History of Compensation: European Leagues and American Soccer

Compensation Data Facts - What's What in Compensation



History of compensation... The most notable difference between European soccer leagues and United States professional sports associations (with the exception of Major League Baseball) is the existence of salary caps in America. These restrict the amount of money that a team can spend on players salaries and exists as a per-player limit or a total limit for the team's roster, or both.

No salary caps have been imposed in the major European soccer leagues so its no surprise that Cristiano Ronaldo (Real Madrid) and Lionel Messi (Barcelona) are the highest paid footballers - and professional athletes - in the world with earnings of $88 million (£79 million) and $81.4 million (£73 million) respectively. But both players also have unique contracts with their clubs where they negotiated weekly salaries after taxes. Ronaldo's salary earns him $321,000 (£288,000) per week after taxes, a cost of about $641,000 (£575,000) per week to Real Madrid considering the tax his team has to pay on his salary is around 52% in Spain.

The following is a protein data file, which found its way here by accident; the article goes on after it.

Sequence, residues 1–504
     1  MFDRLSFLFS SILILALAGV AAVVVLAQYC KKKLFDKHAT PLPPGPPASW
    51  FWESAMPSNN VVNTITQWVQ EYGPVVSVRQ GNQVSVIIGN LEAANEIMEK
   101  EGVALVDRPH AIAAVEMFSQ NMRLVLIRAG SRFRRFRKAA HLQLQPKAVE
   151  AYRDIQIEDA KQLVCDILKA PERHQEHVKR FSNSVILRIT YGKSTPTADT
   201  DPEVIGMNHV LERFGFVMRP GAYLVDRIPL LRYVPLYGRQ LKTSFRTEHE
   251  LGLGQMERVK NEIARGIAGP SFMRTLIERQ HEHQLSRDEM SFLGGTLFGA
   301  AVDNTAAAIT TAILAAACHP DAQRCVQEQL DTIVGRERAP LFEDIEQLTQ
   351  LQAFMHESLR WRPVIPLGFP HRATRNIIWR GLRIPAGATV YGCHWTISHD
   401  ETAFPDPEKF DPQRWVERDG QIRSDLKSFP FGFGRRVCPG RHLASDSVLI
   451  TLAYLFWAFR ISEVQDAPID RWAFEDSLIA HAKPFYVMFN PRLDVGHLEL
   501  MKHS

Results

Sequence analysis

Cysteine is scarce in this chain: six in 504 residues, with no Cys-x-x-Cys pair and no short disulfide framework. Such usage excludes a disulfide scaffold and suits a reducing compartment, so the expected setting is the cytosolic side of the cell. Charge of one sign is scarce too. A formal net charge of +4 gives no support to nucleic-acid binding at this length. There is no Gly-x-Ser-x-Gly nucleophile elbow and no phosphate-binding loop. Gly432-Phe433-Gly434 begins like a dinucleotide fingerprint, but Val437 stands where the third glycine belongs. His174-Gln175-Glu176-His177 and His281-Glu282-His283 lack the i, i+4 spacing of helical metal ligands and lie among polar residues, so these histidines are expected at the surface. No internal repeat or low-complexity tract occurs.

In stark contrast, MLS (Major League Soccer) player Ricardo Kaká, who after signing with the Orlando City SC became the highest-paid player in U.S. soccer history, currently earns with a base salary of $6.6 million with a guaranteed compensation of $7.2 million per year.

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